DeKalb commissioners embrace audit review opposed by CEO

A disagreement over how to handle large purchases has exposed a growing rift between DeKalb County commissioners and the CEO.

Commissioners say they recently saved taxpayers over $400,000 by insisting that auditors review two big-ticket purchases.

But CEO Michael Thurmond is resisting any policy that would require auditors to evaluate every large purchase put before commissioners for approval. Thrumond says it's illegal to create those rules without changes to the county's organizational documents through the Legislature.

The county's ethics officer and chief auditor disagree, however, and said Thurmond could implement the auditor's review as a policy if he wanted to.

Even if that doesn’t happen, commissioners who have grown frustrated with what they perceive as lack of communication and cooperation from Thurmond’s office say they will seek the reviews on their own.



They point to the recent Public Works and Infrastructure Committee meeting as proof that auditors should review procurements that will cost taxpayers millions, a practice recommended in a recent evaluation of the county's purchasing department.

“I think we can follow that recommendation and the spirit with which it was given by initiating it ourselves,” Commissioner Kathie Gannon said during that Feb. 19 meeting.

The committee approved the contracts — one worth $3.9 million for tree cutting and removal and another $1.5 million for landscaping — only after hearing from a county auditor that spending concerns had been addressed.

The contracts had been stuck on the committee’s agenda for weeks because Gannon and Councilwoman Nancy Jester wanted an auditor’s review. Auditors found savings by suggesting the county divide the approvals up by task instead of just hiring the company that submitted the lowest overall quote, and some duplication was eliminated.

Gannon and Jester both indicated it may not be the last time that the contracts needed approval from the Public Works and Infrastructure Committee are put on hold until auditors have a chance to review them and suggest changes.

“It’s something that helps us do our due diligence,” Gannon said during the meeting. “And before we raise our hand to spend millions and millions of dollars we need to be assured that the due diligence — sometimes we don’t know enough; quite often we don’t know enough.”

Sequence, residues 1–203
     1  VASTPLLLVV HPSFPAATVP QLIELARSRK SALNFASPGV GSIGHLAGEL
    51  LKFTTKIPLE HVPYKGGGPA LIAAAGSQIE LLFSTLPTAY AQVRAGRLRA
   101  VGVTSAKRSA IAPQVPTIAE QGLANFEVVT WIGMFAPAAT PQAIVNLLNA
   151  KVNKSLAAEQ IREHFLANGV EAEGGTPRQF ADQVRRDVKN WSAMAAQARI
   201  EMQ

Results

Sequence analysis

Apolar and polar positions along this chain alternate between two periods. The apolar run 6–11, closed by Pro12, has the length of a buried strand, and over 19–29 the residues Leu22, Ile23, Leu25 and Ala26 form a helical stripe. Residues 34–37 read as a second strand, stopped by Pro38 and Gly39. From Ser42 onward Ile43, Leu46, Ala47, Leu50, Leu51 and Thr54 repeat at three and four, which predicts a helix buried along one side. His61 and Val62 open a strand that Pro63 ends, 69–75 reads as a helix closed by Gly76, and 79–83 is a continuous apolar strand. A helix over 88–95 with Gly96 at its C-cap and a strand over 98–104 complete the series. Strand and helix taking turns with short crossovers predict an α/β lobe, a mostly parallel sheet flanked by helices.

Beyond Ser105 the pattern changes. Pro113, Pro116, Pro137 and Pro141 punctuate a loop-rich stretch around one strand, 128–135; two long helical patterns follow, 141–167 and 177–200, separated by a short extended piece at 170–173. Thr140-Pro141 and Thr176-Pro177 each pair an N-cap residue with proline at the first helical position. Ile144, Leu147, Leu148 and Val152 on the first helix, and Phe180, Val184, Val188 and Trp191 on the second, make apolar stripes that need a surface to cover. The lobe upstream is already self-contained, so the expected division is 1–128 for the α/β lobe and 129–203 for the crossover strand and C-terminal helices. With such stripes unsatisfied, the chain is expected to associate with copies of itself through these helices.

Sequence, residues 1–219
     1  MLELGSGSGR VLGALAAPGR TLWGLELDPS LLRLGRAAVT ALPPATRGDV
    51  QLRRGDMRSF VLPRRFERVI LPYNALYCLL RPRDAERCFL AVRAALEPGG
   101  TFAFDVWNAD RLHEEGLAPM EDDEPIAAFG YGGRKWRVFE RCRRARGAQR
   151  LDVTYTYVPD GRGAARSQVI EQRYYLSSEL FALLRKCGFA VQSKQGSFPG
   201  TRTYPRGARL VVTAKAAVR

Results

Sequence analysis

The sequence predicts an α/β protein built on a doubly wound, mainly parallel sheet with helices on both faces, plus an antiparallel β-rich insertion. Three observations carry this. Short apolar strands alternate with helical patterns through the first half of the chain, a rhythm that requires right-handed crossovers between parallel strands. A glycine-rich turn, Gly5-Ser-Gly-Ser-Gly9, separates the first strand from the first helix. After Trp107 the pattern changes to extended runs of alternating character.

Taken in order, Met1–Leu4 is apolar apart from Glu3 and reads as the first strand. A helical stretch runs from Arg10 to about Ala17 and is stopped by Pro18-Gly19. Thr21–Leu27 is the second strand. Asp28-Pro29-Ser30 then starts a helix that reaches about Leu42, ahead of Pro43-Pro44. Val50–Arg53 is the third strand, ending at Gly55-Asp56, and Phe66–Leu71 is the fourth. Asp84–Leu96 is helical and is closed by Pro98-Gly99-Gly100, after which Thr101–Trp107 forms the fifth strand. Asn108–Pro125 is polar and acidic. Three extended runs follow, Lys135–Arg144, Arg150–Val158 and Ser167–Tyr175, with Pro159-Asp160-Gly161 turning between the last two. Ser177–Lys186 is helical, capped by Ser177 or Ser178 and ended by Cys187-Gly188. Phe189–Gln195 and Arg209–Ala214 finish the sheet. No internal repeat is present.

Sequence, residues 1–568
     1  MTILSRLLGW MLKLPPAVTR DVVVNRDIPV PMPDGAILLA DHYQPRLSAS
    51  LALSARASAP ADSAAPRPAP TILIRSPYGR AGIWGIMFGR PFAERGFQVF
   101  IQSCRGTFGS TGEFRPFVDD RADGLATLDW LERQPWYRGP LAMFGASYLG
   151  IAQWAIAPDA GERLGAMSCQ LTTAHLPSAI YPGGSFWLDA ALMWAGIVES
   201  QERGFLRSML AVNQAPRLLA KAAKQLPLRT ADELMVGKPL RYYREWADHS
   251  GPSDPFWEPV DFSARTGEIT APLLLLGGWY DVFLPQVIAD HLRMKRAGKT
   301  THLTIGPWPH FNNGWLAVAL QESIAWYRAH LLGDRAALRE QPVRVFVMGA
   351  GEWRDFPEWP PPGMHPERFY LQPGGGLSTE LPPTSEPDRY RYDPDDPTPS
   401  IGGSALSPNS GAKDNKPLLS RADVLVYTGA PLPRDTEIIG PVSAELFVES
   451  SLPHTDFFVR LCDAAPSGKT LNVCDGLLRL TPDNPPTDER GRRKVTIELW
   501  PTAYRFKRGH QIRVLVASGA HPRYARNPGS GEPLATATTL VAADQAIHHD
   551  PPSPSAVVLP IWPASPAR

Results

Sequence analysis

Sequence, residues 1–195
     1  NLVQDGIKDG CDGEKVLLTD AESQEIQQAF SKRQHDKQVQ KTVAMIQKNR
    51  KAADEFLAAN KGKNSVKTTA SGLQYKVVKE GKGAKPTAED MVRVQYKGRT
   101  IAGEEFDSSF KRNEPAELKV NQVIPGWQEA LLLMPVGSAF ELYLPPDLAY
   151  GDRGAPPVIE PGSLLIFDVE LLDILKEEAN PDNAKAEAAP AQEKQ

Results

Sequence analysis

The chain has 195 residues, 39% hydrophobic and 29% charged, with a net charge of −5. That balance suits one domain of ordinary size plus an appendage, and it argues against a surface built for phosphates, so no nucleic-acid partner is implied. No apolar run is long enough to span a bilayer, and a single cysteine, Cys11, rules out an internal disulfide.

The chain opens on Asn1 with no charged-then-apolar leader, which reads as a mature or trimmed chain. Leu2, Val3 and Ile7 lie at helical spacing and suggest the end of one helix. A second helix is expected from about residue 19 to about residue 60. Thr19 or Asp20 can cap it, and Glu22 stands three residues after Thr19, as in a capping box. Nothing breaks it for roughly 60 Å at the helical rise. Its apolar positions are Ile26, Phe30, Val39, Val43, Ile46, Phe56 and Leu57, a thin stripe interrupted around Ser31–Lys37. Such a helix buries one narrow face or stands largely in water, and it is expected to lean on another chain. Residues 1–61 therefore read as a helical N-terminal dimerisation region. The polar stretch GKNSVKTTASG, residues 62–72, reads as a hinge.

Shortly after the meeting adjourned, commissioners received a memo from the county attorney that appeared to caution them from making the auditor’s review of contracts more than an occasional practice. The memo reiterated the same argument Thurmond has used to resist creating a policy, that formalizing a review of contracts requires a change to DeKalb’s organizing documents and voter approval.

“To be clear, any mandatory policy/practice of internal audit review prior to BOC approval of all contracts over a million dollars requires action by the General Assembly and approval by the voters,” county attorney Viviane Ernstes wrote.

Thurmond said recently that he has no problem with county commissioners asking auditors to review certain procurements on a case-by-case basis. He even applauded the that Public Works committee for seeking more information from auditors.

“They always could,” Thurmond said. “That’s nothing new. That’s something that has always been in their purview.”

Chief audit executive John Greene oversees DeKalb’s Office of Independent Internal Audit and a team of analysts.

Thurmond declined to say if he would oppose county commissioners insisting on the auditors' review more frequently or for all contracts above a certain amount. But he has been reluctant to embrace changes he interprets as infringing on his executive powers under DeKalb's unique CEO form of government.

Jeff Rader, the commission’s presiding officer, says he worries that without Thurmond coming to an agreement about when and how auditors can review the contracts, commissioners might unnecessarily delay important contracts.

He cited a project that was put on ice for months, although for different reasons. Expansion of the Snapfinger Advanced Wastewater Treatment Facility was held up by commissioners who said Thurmond’s administration had not provided enough information about the status of the $188 million project. It was approved in November after commissioners said they finally received answers to their questions.

Commissioner Steve Bradshaw said both sides can find middle ground that reaches the goal of improving oversight of purchasing without infringing on the CEO's executive power.

“I agree with the general premise that there is probably something that is workable that would satisfy the desires of my colleagues and not encroach upon the CEO’s prerogatives and move stuff through this committee in an efficient manner,” he said.

Our reporting

  • The Atlanta Journal-Constitution reported earlier this month that DeKalb leaders were split on how to address the 27 recommendations stemming from an expansive review of the county's purchasing and procurement practices.
  • Members of the county commission expressed frustration that CEO Michael Thurmond had not decided to implement a purchasing ordinance they drafted and also refused to create a policy requiring the county's independent auditor to review any proposed contracts above $1 million.
  • In a follow up report, we outlined how the county's lead auditor and ethics officer had accused CEO Michael Thurmond of using flimsy arguments to justify why he won't implement the auditor's review.
  • Last week, one of the commission's committee signed off on two contracts only after auditors were given a chance to review the purchases and suggest changes. Those changes saved DeKalb taxpayers $500,000.